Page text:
Stack Overflow is a community of 4.7 million programmers, just like you, helping each other.

Join them; it only takes a minute:

Sign up
Join the Stack Overflow community to:
  1. Ask programming questions
  2. Answer and help your peers
  3. Get recognized for your expertise

I'm trying to create a "scrabble-solver" to run stress-tests on a scrabble-like game I'm developing. I have a database containing ~200.000 words and I'm now looking for a way to match the scrabble tiles given with the words in the database.


Given tiles: A, P, E, F, O, L, M


Is this possible by using a simple SELECT-statement with REGEXP? If possible I would also like to add letters on specific positions and be able to determine max/min length.

I hope this question made sense :)

I've been googling my eyes out but I can't seem to find what I'm looking for. Anyone got an idea?

Thanks! :)

share|improve this question
Hm, maybe not. Is there any other way to grab this from a MySQL-db, without regex? – digi Sep 1 '11 at 9:01
It's fine to store your words in a relational database, but you'll probably want to load them into a more efficient data structure in memory for looking up combinations of letters. – Greg Hewgill Sep 1 '11 at 9:03
Yeah, sounds like you should use a Trie – Sean Patrick Floyd Sep 1 '11 at 9:07
up vote 2 down vote accepted

It doesn't sound like a regex problem. I think you'll be better off simply creating all possible combinations of letters from the existing tiles and then running your SELECT statement with the IN clause. For example, with tiles:

A, P, E

your SELECT clause will be

SELECT word FROM words WHERE word IN ('APE', 'AEP', 'PAE' ,'PEA', 'EPA', 'EAP');

You'll get the list of valid words from your table.

share|improve this answer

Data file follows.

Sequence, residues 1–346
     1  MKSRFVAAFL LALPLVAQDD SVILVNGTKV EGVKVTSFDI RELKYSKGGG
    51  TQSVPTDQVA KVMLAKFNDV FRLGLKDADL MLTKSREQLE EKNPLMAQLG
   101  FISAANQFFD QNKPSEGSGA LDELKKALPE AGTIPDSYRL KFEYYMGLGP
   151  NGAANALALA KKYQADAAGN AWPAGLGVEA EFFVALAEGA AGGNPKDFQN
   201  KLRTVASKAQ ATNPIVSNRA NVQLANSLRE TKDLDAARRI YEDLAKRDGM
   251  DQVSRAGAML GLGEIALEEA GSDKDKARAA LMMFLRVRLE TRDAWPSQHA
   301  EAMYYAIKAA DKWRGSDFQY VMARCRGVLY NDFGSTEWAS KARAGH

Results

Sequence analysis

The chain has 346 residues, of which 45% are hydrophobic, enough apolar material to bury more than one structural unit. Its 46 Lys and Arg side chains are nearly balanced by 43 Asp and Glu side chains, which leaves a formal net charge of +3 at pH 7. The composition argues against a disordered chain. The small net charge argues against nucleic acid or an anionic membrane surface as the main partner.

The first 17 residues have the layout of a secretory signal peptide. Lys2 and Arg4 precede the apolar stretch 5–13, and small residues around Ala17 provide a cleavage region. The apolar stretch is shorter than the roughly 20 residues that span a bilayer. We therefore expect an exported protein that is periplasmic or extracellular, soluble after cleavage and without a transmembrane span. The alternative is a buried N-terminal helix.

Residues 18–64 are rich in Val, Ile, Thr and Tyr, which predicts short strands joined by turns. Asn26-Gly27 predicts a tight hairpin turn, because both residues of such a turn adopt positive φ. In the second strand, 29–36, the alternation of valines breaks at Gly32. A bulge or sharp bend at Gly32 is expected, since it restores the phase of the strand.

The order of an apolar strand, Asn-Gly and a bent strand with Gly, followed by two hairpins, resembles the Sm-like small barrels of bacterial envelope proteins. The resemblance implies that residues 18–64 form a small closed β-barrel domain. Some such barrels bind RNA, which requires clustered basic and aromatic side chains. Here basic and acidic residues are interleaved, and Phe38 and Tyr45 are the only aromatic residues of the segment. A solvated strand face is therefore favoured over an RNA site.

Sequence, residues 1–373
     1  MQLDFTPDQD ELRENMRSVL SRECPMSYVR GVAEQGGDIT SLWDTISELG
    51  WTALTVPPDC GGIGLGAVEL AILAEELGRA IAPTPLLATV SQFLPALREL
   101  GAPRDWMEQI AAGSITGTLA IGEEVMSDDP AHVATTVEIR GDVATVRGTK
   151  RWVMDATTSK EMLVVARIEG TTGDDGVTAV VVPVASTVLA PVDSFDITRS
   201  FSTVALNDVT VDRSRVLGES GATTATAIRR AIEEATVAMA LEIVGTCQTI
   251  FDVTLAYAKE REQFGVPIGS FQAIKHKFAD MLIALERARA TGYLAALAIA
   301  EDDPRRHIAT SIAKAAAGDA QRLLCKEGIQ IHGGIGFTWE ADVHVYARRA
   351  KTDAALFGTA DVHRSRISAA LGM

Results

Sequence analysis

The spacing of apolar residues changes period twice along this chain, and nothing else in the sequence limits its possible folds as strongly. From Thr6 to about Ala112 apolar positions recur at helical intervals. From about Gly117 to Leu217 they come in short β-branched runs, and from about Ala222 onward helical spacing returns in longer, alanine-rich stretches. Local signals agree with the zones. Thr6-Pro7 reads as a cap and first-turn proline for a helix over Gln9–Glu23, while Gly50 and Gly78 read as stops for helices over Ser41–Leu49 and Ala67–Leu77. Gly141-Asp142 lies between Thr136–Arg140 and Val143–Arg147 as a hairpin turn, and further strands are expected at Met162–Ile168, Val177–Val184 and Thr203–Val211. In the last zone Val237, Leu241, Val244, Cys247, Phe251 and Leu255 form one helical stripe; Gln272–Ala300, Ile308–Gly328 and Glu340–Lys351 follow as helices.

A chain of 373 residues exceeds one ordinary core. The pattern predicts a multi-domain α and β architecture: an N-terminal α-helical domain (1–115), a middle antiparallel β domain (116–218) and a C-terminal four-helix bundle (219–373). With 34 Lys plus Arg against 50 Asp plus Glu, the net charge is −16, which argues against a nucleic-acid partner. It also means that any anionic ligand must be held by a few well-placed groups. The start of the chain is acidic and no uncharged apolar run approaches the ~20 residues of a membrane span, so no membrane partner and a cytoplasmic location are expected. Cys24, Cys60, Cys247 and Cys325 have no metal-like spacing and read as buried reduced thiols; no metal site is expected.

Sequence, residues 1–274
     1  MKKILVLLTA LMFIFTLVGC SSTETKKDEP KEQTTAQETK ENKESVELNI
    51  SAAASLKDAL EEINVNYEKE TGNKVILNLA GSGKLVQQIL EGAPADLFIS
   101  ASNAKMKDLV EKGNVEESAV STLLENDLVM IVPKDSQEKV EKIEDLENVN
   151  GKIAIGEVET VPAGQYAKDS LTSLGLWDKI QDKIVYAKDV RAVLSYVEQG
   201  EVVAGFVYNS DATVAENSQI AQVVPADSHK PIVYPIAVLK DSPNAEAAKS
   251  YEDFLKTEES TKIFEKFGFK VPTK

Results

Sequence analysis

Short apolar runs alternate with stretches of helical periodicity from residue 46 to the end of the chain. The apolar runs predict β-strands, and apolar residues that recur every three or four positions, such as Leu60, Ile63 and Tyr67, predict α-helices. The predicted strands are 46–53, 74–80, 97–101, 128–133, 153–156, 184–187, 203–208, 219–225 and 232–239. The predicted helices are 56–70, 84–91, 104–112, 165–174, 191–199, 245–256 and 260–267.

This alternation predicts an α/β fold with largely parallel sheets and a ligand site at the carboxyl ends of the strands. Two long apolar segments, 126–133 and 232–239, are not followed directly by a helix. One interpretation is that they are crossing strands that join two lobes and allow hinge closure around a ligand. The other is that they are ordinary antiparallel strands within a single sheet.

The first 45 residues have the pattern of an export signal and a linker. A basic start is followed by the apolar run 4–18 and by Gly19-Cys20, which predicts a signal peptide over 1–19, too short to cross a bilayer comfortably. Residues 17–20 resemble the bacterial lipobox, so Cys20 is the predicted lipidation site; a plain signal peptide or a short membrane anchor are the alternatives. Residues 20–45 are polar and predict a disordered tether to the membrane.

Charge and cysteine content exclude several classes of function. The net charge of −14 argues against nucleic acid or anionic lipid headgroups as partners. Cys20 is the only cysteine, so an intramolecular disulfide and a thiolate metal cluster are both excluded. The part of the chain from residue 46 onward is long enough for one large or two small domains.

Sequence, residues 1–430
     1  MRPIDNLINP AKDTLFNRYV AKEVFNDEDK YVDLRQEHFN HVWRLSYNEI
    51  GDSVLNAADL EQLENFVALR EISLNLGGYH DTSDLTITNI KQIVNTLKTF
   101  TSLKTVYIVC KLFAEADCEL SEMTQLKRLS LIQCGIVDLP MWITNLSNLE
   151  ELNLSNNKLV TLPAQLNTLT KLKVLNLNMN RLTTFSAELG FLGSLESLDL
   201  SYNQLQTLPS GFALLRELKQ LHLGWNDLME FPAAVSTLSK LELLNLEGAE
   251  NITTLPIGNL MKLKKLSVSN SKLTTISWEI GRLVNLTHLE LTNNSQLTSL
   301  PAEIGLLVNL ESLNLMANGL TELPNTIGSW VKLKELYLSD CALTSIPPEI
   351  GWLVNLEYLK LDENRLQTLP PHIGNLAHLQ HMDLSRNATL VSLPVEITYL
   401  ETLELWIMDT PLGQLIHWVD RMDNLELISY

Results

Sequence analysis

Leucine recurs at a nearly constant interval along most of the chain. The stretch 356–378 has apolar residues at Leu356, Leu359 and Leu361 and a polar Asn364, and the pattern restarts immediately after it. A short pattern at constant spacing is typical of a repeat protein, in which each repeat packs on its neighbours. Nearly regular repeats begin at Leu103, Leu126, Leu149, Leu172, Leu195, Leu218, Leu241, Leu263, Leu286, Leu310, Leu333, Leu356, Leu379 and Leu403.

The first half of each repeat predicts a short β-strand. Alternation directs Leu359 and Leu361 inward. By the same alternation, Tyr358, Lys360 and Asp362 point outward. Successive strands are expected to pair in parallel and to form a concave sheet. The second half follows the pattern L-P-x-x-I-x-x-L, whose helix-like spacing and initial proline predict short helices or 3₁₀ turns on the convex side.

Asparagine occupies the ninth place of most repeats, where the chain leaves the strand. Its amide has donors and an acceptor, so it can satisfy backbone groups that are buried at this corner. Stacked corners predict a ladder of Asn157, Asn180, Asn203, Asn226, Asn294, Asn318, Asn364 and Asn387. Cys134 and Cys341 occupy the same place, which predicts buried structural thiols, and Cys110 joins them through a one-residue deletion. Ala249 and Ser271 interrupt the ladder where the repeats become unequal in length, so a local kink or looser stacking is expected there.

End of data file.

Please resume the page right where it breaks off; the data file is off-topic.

Good idea! Just thinking, wouldn't this be kind of slow with 7 tiles or more? – digi Sep 1 '11 at 9:13
With 7 tiles, you have 7! = 5040 combinations; so, yes, it may be a bit slow, however if you're only using this for testing your application, performance probably isn't the highest concern. – Aleks G Sep 1 '11 at 9:18
That's true, I'll give it a shot :) Thanks – digi Sep 1 '11 at 9:18
Assuming all letters are distinct (worst case scenario), we would get 13699 candidate words. With a lookup trie, that would make the algorithm sufficiently fast. – Peteris Sep 1 '11 at 9:23

A regex would not help you much in this case. You need to construct the possible words by yourself.

The problem is that you have a limited number of each possible letter and a regex cannot encode that information. If you had infinite supply of each letter, then you could use a regex like [APEFOI]*.

You will have to enumerate all the possible words yourself. The implementation would depend on the language your using, but your best bet might be a next_permutation function or better a function that enumerates all permutations. A simple (and slightly inefficient) implementation (in Python-like pseudocode) would be:

words = []
for permutation in permutations(letters): # enumerate all character orders
  for i in range(1, len(permutation)):    # enumerate all lengths of words
    words.append(letters[:i])             # append to candidate set

At that point words will contain all the candidate words you would then use in a SELECT ... IN statement.

That isn't the most efficient approach, but should be practical enough to get you started.

share|improve this answer
Thanks for pointing me in the right direction! – digi Sep 1 '11 at 9:18

Your Answer


By posting your answer, you agree to the privacy policy and terms of service.

Not the answer you're looking for? Browse other questions tagged or ask your own question.